O’Malley allocates $100M for Purple Line planning
State considering alignments, modes; public discussion scheduled in June
ANNAPOLIS — Gov. Martin O’Malley kept alive plans for a 16-mile transit line linking Prince George’s and Montgomery counties with a $100 million budget allocation necessary to complete design documents for state approval and funding.
Supporters of the long-awaited Purple Line praised O’Malley (D) at a rally this week for what they called his ‘‘commitment to public transportation.”
‘‘We know the Purple Line would be good for the environment and would help with the gridlock that is some of the worst in the country,” said Del. William A. Bronrott (D-Dist. 16) of Bethesda.
The money was part of $10.6 billion allocated for state transportation projects in O’Malley’s six-year capital budget.
State transportation officials are considering various alternatives to the line, including different alignments and modes. Still to be decided are the line’s route, and whether the line will operate as a bus line or a rail line, said Michael Madden, the Purple Line project manager with the state transportation administration.
Until those issues are resolved, Madden said, the state cannot submit its final plans, nor can the line be considered for federal funding.
Once completed, the Purple Line is expected to cost about $1 billion, Maryland Transportation Secretary John D. Porcari said. Federal funds are available for up to 50 percent of approved projects.
Residents, public transportation advocates and lawmakers in both counties have long been at odds over the route of the line, as well as the mode. Environmentalists in Montgomery County have been adamant that the line not disrupt the environment along the Capital Crescent Trail.
Also, some Montgomery advocates are citing the upcoming National Naval Medical Center expansion in Bethesda as a reason for state officials to reconsider a defunct plan for the trail to cross the county along the Capital Beltway from the Silver Spring Metrorail station to the Medical Center station.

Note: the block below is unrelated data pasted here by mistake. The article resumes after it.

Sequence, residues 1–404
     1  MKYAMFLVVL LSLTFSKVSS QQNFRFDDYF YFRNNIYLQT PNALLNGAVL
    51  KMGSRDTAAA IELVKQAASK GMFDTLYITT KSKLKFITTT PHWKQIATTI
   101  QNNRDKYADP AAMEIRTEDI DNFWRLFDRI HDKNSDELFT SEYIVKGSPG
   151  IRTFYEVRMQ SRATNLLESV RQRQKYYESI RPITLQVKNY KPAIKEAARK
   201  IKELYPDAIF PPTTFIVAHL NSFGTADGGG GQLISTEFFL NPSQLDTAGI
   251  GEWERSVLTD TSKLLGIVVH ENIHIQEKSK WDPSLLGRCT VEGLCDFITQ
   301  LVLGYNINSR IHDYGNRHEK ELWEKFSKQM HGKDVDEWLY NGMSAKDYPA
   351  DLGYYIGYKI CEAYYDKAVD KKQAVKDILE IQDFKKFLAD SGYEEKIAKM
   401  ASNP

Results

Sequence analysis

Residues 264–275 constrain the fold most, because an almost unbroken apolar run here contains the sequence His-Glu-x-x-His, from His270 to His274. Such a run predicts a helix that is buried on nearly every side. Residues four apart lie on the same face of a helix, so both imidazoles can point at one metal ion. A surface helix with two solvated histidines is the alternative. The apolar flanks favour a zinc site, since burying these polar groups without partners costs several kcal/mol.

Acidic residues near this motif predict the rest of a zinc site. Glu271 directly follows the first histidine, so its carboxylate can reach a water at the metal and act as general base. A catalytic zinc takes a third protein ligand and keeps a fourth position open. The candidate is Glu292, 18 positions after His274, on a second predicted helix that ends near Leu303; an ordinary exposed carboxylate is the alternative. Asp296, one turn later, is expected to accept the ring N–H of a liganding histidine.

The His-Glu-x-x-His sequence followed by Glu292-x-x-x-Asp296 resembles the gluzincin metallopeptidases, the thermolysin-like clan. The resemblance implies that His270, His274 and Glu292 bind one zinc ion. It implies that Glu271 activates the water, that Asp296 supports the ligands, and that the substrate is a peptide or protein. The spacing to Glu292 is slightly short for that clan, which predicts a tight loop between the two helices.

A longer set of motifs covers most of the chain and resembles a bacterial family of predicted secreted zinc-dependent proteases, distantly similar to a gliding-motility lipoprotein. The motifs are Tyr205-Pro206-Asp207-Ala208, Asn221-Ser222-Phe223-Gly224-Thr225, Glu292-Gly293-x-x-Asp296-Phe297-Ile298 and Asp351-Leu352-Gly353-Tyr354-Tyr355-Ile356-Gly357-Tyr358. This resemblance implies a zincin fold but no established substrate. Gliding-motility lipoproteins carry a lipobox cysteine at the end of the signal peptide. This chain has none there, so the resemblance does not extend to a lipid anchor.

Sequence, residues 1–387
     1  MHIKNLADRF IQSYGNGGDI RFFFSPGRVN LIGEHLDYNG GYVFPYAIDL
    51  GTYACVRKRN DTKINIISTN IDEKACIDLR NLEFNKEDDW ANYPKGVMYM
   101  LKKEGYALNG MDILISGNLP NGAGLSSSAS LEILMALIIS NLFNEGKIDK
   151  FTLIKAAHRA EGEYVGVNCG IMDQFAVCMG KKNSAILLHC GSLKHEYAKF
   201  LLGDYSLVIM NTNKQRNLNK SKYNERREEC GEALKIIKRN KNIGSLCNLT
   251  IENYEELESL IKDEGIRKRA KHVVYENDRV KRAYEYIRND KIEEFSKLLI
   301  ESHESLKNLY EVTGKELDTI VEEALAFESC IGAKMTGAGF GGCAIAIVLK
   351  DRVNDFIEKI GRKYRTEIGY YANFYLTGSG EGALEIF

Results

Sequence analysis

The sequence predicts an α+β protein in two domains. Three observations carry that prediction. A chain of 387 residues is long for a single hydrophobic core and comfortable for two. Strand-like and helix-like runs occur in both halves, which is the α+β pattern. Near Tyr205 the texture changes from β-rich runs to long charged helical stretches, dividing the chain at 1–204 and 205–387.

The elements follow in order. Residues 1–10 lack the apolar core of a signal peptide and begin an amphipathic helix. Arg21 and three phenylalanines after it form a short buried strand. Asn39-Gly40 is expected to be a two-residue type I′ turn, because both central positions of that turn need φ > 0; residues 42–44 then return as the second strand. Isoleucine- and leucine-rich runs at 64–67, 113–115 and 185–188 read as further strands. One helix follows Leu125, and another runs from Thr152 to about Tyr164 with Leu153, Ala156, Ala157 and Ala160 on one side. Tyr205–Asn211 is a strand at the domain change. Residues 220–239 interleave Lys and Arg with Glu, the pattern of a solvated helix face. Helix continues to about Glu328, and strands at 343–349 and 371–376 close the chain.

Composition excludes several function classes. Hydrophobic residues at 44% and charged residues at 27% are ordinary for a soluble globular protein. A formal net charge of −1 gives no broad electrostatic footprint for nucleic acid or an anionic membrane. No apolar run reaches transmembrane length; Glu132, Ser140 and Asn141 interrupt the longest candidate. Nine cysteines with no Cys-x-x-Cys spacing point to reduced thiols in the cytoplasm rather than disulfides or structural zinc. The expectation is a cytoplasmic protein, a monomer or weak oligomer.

‘‘By putting the Purple Line somewhere else, we save the trail and thousands of trees, and trail users overwhelmingly want to save the trail,” said Pam Browning, a Chevy Chase resident and trail advocate who has pushed for the state to reconsider the loop route.
No matter the route, the transit line must go through Prince George’s County, county spokesman James P. Keary said.
‘‘I don’t know what this plan is and I don’t know what the motivation is, but all along the design of the Purple Line has been to get people to stations and off the Beltway,” he said.
All of the alternatives being examined by state officials have the line running to Prince George’s County, Madden said.
The alternatives analysis is scheduled for completion in May, with public hearings scheduled for June. The final decision on the alignment and mode is up to state officials.
The earliest that construction could begin on the Purple Line would be 2012, Madden said. Construction would take between three to five years, contingent on available funding. By 2030, between 35,000 and 42,000 riders are expected to use the line each day.
Staff Writers Audrey Dutton and Daniel Valentine contributed to this report.